VICTIMS-COMPENSATION-REFORMS-LOCALIZE IT: Thousands of violent crime victims turn to compensation programs in every state for help with medical bills, relocation, funerals and other expenses. The programs disperse millions of dollars each year, but The Associated Press found racial inequities and other barriers in how claims are denied in many states. Across the country, victims are using their stories to try to change the systems that excluded them. They have organized rallies, testified at legislatures and met with dozens of lawmakers — with much success. Legislatures in more than half of U.S. states have passed measures to improve their programs over the last three years. We offer details on these legislative changes and tips for localizing the story. Find the latest Localize It guides.
OPIOID-CRISIS-PURDUE-BANKRUPTCY-LOCALIZE IT: A federal court on Tuesday cleared the way for OxyContin maker Purdue Pharma’s proposed settlement with state and local governments across the U.S. and other entities to be finalized. It’s among the largest and most high-profile settlements of its kind, but it’s far from the only one. State and local governments are figuring out how they’re going to use money from opioid settlements with drugmakers, distribution companies and, in some cases, pharmacies. The settlements were designed to avoid some of the pitfalls of the big national deals between states and tobacco companies in the 1990s, which saw spending go to government priorities that had nothing to do with the direct damage inflicted by tobacco. But advocates still worry about the details of how the opioid money will be spent and who gets the power in deciding. We point you to state data and offer tips for localizing the story. Find the latest Localize It guides.
PLANE CRASH-JET SCRAMBLE — A federal investigator says it will take days to gather highly fragmented debris from a small plane that flew over the nation’s capital and crashed in Virginia, killing four people. The Federal Aviation Administration has said in a brief update Monday that the pilot and three passengers that the plane was “destroyed” in the crash. The identities of the four people weren’t immediately released. A NTSB investigator told reporters Monday that it will take at least three to four days for investigators to reach the remote crash scene more than two miles north of Montebello, Virginia. SENT: 780 words, photos, video, audio.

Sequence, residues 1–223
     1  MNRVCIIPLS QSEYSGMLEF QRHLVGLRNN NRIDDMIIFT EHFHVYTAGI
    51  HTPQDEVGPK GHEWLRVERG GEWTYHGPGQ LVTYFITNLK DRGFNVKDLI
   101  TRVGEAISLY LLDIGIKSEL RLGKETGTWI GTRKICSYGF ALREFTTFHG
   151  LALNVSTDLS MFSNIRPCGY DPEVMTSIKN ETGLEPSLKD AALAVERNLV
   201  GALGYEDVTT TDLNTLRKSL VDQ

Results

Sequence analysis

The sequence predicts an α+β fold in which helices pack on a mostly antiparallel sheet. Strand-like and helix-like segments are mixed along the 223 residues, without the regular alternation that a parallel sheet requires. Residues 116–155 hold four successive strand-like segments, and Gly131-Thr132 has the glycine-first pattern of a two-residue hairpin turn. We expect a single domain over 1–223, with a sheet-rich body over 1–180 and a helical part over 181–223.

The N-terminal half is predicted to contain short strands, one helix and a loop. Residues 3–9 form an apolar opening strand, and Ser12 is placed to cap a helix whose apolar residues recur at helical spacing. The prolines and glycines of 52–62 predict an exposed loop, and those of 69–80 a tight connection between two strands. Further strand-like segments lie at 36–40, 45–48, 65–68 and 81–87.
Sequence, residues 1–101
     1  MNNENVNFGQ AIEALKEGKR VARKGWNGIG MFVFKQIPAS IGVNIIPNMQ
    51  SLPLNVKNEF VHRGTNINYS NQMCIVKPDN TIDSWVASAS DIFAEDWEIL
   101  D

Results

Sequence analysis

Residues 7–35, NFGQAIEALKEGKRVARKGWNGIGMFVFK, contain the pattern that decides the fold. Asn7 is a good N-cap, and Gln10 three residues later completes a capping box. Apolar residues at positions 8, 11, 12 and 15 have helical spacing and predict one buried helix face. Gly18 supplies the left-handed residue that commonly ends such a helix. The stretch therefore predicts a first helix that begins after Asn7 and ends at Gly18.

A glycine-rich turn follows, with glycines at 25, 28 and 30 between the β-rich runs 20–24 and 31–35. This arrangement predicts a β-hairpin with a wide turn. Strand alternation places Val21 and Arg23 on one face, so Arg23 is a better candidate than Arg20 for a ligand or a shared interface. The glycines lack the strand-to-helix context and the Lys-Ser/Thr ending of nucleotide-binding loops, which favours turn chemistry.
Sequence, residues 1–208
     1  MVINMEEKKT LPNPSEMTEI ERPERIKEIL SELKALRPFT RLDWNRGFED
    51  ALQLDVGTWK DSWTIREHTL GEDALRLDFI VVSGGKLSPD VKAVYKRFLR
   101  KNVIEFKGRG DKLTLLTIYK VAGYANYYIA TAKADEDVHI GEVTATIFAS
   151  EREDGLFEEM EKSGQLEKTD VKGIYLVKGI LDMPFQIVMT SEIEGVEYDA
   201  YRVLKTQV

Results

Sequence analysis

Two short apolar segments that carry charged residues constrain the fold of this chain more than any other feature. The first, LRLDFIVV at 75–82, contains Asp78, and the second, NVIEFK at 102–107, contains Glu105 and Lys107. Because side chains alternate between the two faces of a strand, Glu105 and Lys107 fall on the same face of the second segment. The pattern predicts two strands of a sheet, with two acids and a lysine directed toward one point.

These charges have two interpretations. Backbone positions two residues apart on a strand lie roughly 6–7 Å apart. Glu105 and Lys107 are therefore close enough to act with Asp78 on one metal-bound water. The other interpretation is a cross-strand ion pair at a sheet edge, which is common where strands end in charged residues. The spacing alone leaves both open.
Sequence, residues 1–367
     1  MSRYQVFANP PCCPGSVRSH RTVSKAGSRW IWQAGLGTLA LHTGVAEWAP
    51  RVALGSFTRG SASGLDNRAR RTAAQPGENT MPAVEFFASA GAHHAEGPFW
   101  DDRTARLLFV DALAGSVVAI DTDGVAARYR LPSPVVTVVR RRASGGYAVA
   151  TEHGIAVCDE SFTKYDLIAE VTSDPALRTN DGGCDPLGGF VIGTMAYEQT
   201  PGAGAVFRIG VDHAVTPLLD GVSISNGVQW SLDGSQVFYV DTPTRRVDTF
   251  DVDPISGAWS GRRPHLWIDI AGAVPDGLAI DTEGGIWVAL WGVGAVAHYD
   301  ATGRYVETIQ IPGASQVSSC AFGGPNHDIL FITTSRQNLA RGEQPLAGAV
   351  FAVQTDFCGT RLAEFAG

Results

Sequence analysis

REUNIFICATION RIDE — Tens of thousands fewer women were incarcerated in the U.S. between 2019 and 2020 due to COVID-19, but as prison populations creep back to pre-pandemic norms, more children are being separated from their mothers, putting them at greater risk of health and behavioral problems, and making them vulnerable to abuse and displacement. Black and Hispanic women are more likely to be imprisoned than their white counterparts and are disproportionately affected by family separation due to incarceration. Rare programs like the Reunification Ride, a donation-dependent initiative that buses prisoners’ family members from Chicago to Illinois’ largest women’s prison every month so they can spend time with their mothers and grandmothers, are a crucial lifeline for families, prisoners say. SENT: 1,140 words, photos, video, audio.
RETAILERS-PRIDE MONTH — Dozens of big companies from Delta and Coca-Cola to Walmart are sponsoring LGBTQ+ Pride events and displaying racks of Pride-themed merchandise. But this year, the rainbow has lost some shine. Longtime Pride sponsors like Bud Light and Target have come under attack by conservatives for their LGBTQ-friendly marketing. Calls to boycott Kohl’s, Lego and Southwest Airlines for their LGBTQ-friendly marketing have also popped up in recent days. Nonetheless, many big companies are still backing Pride celebrations. Some say they want to support their LGBTQ+ employees. They also don’t want to turn their back on a population with significant spending power. SENT: 1,080 words, photos.
IMMIGRATION-MIGRANT FLIGHTS — Florida appears to have arranged for a group of South American migrants to be transported from Texas to California and dropped off in Sacramento. That’s according to California’s attorney general, Rob Bonta. Sixteen Colombian and Venezuelan migrants showed up outside of the Roman Catholic Church diocese’s headquarters in Sacramento on Friday. Bonta says he’s looking into whether any crimes may have been committed in what could be the latest group to have been moved from a Republican-led state to one led by Democrats. California officials say the migrants were transported from Texas to New Mexico and then flown by charter plane to California’s capital. SENT: 580 words, photos, audio.